Happy birthday ALAW & “Goodbye” Sir Peter Hall
The posting of ALAW #52 means that it is now a year since the first one was published (on 24 September 2016 to be precise). I suppose that is a modest achievement insofar as I managed not to miss a week. Some I thought good, some were make-weights, and some I was really pleased with. I think I shall carry on with them!
This week’s ALAW doesn’t celebrate the anniversary, instead it arises amidst a bit of a conundrum.
My profile on the blog says that I value decency over achievement. I do, but what if someone who has been described variously as controversial, vituperative, deceitful, detested, brutal, disloyal and embittered, and whose private life was unstable to say the least, had achieved something that gives you lasting pleasure? Is that to be valued? Well, I take the easy way out. “Yes”, it is to be valued, but with much less respect for the person whose achievement it was compared to the personal respect for someone that had achieved less but whose fundamental decency shone through in all things!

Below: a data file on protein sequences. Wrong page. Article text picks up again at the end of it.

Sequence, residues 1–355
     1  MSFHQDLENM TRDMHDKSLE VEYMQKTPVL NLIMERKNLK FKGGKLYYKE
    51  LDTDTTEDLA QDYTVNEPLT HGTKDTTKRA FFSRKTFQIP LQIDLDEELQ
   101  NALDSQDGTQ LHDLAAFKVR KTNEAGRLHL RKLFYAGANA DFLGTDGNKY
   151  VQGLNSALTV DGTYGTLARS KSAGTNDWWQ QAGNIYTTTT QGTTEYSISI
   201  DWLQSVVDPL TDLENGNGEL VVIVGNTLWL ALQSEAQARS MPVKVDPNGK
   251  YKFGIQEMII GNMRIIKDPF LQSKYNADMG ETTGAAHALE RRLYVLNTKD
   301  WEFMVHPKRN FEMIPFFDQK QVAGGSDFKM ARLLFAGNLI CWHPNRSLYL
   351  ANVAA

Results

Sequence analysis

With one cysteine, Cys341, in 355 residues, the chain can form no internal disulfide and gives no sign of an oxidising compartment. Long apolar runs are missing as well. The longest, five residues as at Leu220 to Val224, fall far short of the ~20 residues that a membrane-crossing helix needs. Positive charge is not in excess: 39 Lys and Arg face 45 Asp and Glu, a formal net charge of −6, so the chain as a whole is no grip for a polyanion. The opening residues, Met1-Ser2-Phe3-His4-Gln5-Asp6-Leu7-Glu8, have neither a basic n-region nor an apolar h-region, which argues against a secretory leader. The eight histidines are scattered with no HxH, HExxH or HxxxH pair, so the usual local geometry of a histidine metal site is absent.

Sir Peter Hall, who died this week, founded the Royal Shakespeare Company. His obituaries tell of that and his many other accomplishments, with a couple reflecting on some of the adjectives listed above, but it is the RSC that does it for me thanks to the late John Kremer, an English Literature teacher who instilled his enthusiasm for the Bard into a fourteen year old rugby-playing, science-orientated schoolboy (one who, years later, ‘out-Shakespeared’ his more arts-inclined, academic and intellectual brother, much to the surprise of the said brother’s family!).
So, with whom did Hall fall out (apart from walking-out on three wives as soon as he had found ‘another’)? Well, Laurence Olivier, Kenneth Tynan, Jonathan Miller, John Osborne, Bill Kenright and Harold Pinter to name six from the top drawer of British theatre of the 50s, 60s and 70s. Quite a collection really.
This is the RSC’s eulogy for Hall (a quote taken from Cassius’ lines in Julius Caesar):
To find ourselves dishonorable graves.”
which is a bit double-edged because Cassius’ words actually reflect his concern that Caesar had put himself above others and attained too much power (which, ironically, was a criticism of Hall made by his detractors).
And so to the limerick …
His theatrical nous and esprit
Gave birth to the famed RSC.
All the world was his stage
‘Till that terminal age
When, alas, he was then ‘not to be’!